On Tue, Mar 13, 2018 at 6:56 AM, Ashutosh Bapat < ashutosh.ba...@enterprisedb.com> wrote:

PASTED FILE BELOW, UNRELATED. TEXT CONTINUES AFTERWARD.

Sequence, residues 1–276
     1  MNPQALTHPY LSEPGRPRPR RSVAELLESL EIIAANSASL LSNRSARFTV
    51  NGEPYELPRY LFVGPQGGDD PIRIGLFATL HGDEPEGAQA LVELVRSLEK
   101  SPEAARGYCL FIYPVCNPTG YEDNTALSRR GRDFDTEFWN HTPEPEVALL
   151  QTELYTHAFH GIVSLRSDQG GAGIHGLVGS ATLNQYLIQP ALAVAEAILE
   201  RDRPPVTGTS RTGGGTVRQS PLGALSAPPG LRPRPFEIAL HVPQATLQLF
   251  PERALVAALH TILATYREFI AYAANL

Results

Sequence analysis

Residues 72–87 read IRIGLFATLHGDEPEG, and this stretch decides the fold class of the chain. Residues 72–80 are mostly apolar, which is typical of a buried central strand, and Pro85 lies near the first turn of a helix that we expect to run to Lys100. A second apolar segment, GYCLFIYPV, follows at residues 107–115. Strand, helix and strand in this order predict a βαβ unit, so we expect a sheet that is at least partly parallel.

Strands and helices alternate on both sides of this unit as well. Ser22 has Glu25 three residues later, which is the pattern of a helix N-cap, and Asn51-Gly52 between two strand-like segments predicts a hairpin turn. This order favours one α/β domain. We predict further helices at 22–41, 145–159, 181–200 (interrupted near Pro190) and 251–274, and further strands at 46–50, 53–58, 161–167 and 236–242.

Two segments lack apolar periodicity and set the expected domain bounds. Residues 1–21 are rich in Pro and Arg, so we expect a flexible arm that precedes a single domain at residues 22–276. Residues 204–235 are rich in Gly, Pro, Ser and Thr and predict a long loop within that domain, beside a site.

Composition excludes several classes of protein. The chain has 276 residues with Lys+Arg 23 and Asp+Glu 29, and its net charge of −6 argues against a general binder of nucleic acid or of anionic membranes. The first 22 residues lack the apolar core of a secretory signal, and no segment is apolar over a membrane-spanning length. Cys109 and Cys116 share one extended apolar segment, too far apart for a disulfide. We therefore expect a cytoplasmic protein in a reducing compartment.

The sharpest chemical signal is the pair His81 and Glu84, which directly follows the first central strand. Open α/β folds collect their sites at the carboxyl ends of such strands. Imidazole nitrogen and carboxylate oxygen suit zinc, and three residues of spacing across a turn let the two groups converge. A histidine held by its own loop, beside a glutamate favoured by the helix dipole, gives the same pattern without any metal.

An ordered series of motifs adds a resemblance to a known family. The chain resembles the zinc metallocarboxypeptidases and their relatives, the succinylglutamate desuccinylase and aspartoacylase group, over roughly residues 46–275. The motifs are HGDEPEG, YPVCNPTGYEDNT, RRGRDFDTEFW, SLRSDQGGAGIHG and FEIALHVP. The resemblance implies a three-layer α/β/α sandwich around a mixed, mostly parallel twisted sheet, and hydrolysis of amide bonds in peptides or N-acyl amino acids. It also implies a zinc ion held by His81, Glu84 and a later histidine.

> On Tue, Mar 13, 2018 at 4:14 AM, Tom Lane <t...@sss.pgh.pa.us> wrote: > > Mat Arye <m...@timescale.com> writes: > >> So the use-case is an analytical query like > > > >> SELECT date_trunc('hour', time) AS MetricMinuteTs, AVG(value) as avg > >> FROM hyper > >> WHERE time >= '2001-01-04T00:00:00' AND time <= '2001-01-05T01:00:00' > >> GROUP BY MetricMinuteTs > >> ORDER BY MetricMinuteTs DESC; > > > >> Right now this query will choose a much-less-efficient GroupAggregate > plan > >> instead of a HashAggregate. It will choose this because it thinks the > >> number of groups > >> produced here is 9,000,000 because that's the number of distinct time > >> values there are. > >> But, because date_trunc "buckets" the values there will be about 24 > groups > >> (1 for each hour). > > > > While it would certainly be nice to have better behavior for that, > > "add a hook so users who can write C can fix it by hand" doesn't seem > > like a great solution. On top of the sheer difficulty of writing a > > hook function, you'd have the problem that no pre-written hook could > > know about all available functions. I think somehow we'd need a way > > to add per-function knowledge, perhaps roughly like the protransform > > feature. > > Like cost associated with a function, we may associate mapping > cardinality with a function. It tells how many distinct input values > map to 1 output value. By input value, I mean input argument tuple. In > Mat's case the mapping cardinality will be 12. The number of distinct > values that function may output is estimated as number of estimated > rows / mapping cardinality of that function. > I think this is complicated by the fact that the mapping cardinality is not a constant per function but depends on the constant given as the first argument to the function and the granularity of the underlying data (do you have a second-granularity or microsecond granularity). I actually think the logic for the estimate here should be the (max(time)-min(time))/interval. I think to be general you need to allow functions on statistics to determine the estimate. > > -- > Best Wishes, > Ashutosh Bapat > EnterpriseDB Corporation > The Postgres Database Company >